McDonald's this week raised $450 million in 10-year debt at 3.5%, a record low yield for a large batch of debt issued by a U.S. corporate borrower.
— WSJ, Global Corporate-Bond Boom Gains Pace
As the old saying goes, "Them that has gets."
Yield-hungry investors, desperate for a place to put cash to work, have hit upon the strategy of lending to corporations that don't need the money.
This hunger for corporate bond issuance -- amid the clear absence of better alternatives -- has led blue chip players like McDonald's to finance while the financing is good. Because hey, why not?
The trouble is that this cheap money is not being put back to work as productive capital investment. As the WSJ reports, corporations are either using the cash to pay down debt, or simply letting it pile up on the balance sheet as a bulwark against lean times ahead.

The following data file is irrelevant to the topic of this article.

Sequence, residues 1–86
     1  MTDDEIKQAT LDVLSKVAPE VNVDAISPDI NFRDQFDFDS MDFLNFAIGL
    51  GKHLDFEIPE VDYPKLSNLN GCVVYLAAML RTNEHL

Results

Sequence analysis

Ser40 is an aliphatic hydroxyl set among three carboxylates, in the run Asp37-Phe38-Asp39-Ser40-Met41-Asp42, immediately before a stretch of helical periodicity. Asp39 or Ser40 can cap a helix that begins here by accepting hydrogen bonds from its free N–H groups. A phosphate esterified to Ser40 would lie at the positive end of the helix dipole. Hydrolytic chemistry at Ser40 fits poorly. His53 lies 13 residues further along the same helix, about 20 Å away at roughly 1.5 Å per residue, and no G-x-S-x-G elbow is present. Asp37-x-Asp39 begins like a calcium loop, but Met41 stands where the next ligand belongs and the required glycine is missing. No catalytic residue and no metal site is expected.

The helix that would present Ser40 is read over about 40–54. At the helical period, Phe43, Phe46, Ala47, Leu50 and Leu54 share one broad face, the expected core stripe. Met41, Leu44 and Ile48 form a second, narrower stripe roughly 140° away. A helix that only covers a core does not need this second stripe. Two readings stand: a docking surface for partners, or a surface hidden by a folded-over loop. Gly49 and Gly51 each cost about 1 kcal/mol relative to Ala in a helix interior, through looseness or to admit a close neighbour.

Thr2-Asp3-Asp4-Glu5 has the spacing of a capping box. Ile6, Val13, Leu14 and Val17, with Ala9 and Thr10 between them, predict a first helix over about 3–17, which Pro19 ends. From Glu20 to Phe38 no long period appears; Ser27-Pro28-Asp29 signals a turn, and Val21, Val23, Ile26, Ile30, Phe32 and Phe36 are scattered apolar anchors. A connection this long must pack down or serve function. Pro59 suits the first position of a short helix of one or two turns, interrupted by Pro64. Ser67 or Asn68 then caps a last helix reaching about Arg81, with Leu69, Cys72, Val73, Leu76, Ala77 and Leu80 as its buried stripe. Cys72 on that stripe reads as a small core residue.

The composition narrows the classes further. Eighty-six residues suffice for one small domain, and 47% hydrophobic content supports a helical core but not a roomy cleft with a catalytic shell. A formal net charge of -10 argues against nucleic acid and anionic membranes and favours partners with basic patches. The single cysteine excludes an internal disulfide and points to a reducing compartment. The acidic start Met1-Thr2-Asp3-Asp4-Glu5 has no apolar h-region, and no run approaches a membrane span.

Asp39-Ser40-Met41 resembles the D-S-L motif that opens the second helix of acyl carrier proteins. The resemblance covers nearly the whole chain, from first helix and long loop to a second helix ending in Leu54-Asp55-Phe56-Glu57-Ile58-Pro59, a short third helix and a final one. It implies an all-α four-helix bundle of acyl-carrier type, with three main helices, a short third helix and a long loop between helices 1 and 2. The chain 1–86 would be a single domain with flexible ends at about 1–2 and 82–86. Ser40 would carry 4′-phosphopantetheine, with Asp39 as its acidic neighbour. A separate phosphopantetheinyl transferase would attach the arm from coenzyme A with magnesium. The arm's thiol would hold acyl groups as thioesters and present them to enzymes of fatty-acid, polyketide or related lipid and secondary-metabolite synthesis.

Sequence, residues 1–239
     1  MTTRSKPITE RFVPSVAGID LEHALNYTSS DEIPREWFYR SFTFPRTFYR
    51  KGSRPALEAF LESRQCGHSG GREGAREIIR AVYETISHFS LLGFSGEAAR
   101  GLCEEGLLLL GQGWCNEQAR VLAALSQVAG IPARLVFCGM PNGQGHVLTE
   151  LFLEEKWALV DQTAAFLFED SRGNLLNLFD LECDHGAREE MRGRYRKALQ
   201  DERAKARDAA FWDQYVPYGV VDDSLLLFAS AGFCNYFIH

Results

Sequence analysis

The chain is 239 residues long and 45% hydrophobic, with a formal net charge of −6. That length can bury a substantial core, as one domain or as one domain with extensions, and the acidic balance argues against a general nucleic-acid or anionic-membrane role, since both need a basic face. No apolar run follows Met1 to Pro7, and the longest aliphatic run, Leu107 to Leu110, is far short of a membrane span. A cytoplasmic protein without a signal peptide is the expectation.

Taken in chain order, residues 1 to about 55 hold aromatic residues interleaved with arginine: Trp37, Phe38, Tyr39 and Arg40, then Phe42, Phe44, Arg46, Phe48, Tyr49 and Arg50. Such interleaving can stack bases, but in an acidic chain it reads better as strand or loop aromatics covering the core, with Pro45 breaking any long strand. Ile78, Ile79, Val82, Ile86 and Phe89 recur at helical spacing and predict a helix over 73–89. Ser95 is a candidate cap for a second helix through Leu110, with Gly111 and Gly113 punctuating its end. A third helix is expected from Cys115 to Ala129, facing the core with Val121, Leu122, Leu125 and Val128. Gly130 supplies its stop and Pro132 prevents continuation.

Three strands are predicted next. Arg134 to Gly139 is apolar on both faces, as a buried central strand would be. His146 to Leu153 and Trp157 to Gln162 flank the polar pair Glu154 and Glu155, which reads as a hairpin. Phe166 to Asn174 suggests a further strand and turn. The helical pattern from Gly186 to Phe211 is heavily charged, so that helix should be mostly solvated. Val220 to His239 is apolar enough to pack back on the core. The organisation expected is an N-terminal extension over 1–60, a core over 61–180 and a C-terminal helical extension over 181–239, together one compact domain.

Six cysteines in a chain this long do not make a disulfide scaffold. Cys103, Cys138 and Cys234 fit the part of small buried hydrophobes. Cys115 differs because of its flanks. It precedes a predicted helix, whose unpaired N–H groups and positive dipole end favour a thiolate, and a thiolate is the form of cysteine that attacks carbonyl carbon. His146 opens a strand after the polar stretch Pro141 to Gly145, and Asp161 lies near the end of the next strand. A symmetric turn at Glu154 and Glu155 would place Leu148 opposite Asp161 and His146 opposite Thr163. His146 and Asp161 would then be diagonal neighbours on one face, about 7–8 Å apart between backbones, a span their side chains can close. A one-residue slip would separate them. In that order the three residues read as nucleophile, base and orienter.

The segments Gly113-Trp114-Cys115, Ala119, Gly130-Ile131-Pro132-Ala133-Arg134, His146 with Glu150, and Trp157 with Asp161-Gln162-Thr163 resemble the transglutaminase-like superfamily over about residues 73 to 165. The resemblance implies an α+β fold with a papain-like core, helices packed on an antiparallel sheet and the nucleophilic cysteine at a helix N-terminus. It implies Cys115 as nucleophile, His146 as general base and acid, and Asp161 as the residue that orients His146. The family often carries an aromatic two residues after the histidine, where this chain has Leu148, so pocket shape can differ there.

This dynamic is a clear example of the classic liquidity trap at work. Lending to blue chip corporations that sit on the cash (or use it to deleverage) is essentially one step removed from stagnant pools of capital in non-lending bank vaults.The Federal Reserve can direct a firehose of money at the economy, but it can't control where the money ultimately goes.
So far, Washington and Wall Street have been utterly clueless in respect to the problems of the "real" economy, i.e. struggling consumers and small businesses. Because consumer spending is 70% of US GDP and small business accounts for roughly 50% of GDP, this is a deadly serious issue... and Bernanke the master plumber is all thumbs.
Disclosure: no positions in stocks mentioned